Offensive portrayals of Chinese and China in Hollywood
As Black Lives Matter protests sweep across the US and many other countries around the world, the business, marketing, and arts communities have begun to reevaluate racist messaging perpetuated in their products.
American brand Aunt Jemima is abandoning its name and logo, which allude to the “mammy” stereotype of a black woman who is content serving her white slavers. Colgate’s Darlie toothpaste, originally founded and still popular in China, is “reviewing” its infamous blackface logo. 1930s Hollywood blockbuster Gone With the Wind was temporarily removed from HBO’s streaming service due to its racist stereotypes and whitewashing of the horrors of slavery.
Representations of East Asians in American film and theater have also long offered racist caricatures, rather than authentic depictions of the diverse peoples and cultures of the continent. From offensive “yellowface”—where white actors yellow their skin and tape their eyelids to appear “Asian”—to schlocky accents to Orientalist portrayals of Asian females as submissive sexual conquests for white males, East Asian roles in American media have tended to be one-note portrayals focusing on the geekiness, deviousness, mysteriousness, and general “otherness” of Asians. Racially discriminatory wage gaps and casting decisions in the entertainment industry are also wider problems that still need to be addressed.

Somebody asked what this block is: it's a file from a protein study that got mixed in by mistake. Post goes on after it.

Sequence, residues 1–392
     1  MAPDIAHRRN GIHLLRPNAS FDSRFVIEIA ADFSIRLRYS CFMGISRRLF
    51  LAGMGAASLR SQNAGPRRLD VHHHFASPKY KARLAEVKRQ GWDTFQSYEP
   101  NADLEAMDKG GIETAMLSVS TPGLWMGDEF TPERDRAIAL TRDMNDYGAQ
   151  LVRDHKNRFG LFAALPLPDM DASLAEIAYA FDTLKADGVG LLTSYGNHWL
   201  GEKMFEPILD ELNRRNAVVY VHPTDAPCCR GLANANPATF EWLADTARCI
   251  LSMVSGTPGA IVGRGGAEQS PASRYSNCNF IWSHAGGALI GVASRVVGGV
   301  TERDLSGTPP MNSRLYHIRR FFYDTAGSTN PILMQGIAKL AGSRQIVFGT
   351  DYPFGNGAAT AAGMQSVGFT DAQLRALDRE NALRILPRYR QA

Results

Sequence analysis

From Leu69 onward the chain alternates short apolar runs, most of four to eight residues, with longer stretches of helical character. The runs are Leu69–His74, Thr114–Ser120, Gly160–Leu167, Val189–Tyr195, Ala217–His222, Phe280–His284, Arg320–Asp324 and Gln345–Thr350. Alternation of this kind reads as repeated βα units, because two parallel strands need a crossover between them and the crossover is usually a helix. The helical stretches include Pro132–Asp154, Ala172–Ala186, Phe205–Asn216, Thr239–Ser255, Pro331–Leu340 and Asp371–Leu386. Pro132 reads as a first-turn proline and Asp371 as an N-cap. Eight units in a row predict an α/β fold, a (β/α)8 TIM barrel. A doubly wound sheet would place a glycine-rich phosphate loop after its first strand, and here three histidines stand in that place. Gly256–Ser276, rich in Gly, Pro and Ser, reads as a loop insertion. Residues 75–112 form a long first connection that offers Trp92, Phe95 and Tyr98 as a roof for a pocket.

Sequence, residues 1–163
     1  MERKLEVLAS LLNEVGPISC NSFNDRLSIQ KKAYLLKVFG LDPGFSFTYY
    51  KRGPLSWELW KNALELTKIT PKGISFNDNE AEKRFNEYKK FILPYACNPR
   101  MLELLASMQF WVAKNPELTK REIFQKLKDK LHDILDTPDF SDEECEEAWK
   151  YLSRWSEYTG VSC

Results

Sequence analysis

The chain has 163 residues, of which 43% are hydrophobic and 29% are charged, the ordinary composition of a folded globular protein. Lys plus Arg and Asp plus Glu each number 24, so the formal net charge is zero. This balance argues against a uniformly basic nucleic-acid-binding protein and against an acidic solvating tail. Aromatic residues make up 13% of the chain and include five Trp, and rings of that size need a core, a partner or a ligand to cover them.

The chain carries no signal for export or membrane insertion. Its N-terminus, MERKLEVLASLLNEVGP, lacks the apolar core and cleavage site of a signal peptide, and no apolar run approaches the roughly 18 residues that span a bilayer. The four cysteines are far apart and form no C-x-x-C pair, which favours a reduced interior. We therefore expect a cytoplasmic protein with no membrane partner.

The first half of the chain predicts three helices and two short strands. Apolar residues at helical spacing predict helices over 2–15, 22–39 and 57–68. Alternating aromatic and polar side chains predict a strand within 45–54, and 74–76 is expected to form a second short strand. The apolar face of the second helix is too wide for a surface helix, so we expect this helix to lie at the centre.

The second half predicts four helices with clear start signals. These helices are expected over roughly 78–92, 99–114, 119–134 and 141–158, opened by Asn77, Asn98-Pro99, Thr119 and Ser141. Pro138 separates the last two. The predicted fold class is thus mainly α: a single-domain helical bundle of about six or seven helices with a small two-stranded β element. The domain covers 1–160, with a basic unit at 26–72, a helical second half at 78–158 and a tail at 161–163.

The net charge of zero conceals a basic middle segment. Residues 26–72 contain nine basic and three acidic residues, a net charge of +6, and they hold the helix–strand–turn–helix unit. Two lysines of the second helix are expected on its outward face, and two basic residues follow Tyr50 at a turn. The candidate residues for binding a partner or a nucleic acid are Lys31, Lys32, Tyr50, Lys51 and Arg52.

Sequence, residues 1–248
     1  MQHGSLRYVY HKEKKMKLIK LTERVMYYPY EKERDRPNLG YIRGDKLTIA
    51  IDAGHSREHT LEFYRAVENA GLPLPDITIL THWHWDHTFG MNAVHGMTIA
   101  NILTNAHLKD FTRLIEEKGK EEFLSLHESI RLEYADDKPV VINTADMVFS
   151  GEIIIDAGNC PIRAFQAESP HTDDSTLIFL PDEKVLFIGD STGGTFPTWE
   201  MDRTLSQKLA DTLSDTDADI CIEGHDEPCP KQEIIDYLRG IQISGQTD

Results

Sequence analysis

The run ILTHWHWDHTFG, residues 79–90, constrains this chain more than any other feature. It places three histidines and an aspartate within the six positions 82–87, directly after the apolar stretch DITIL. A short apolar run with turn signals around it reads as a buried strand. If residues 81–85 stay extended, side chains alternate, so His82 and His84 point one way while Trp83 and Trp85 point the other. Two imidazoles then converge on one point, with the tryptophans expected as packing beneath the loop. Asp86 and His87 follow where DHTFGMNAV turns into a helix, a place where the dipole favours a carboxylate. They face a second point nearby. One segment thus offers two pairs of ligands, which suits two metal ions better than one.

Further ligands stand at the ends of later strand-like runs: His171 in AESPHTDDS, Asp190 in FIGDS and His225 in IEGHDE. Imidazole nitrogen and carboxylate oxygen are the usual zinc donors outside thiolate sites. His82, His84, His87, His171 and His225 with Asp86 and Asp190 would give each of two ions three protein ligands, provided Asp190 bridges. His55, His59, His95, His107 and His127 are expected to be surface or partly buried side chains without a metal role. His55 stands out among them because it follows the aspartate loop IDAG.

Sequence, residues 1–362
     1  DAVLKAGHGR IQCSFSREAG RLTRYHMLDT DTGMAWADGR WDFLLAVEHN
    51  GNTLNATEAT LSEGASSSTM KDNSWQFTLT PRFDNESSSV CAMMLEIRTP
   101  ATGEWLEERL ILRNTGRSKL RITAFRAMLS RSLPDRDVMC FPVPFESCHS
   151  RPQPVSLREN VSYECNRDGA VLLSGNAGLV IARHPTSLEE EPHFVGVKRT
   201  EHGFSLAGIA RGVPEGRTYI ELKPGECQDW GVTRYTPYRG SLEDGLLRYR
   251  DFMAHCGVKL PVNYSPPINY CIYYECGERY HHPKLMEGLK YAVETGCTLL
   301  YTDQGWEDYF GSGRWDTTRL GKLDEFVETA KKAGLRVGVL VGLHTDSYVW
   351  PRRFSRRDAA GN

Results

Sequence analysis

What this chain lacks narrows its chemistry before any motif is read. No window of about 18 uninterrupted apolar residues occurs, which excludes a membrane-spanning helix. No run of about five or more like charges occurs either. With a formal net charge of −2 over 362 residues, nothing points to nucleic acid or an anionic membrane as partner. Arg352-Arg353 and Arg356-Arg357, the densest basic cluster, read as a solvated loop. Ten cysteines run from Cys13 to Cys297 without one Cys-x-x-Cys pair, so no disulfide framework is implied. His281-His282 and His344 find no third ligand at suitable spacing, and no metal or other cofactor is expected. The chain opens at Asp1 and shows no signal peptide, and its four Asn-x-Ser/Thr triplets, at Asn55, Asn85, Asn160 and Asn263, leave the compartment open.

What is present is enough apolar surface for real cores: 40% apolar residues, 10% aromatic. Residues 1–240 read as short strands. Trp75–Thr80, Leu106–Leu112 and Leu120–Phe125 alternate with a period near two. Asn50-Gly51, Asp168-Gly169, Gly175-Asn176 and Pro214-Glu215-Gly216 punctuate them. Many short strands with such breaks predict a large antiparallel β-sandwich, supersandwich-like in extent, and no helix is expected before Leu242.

The following is an incomplete list of TV shows, films, and plays with Chinese characters that the industry may consider “canceling,” or at least providing with a trigger warning, due to sinophobia and Orientalism.
Editor’s note: This piece is limited to the portrayals of characters explicitly identified as Chinese or diaspora Chinese in the work. However, it recognizes that these works exist in a wider cultural, political, and social context of anti-Asian discrimination, and that similar problems are present in other works featuring non-Chinese Asian characters such as Madame Butterfly, Miss Saigon, Breakfast at Tiffany’s, and more.
Mr. Wu (1927)
Mandarin Wu is an old-fashioned man raised according to the ancient traditions of strict authoritarianism. He arranges a marriage between beautiful daughter, Nang Ping, and a man whom she had never seen before, but Nang Ping falls in love with a dashing British visitor, Basil Gregory. When Basil must return to Britain with his family, Nang Ping finds out she is pregnant. Mr. Wu consults ancient Chinese texts, which say he must avenge his daughter’s “dishonor” by taking her life. He then tricks the Gregorys to visit his home, where he imprisons Basil and his sister.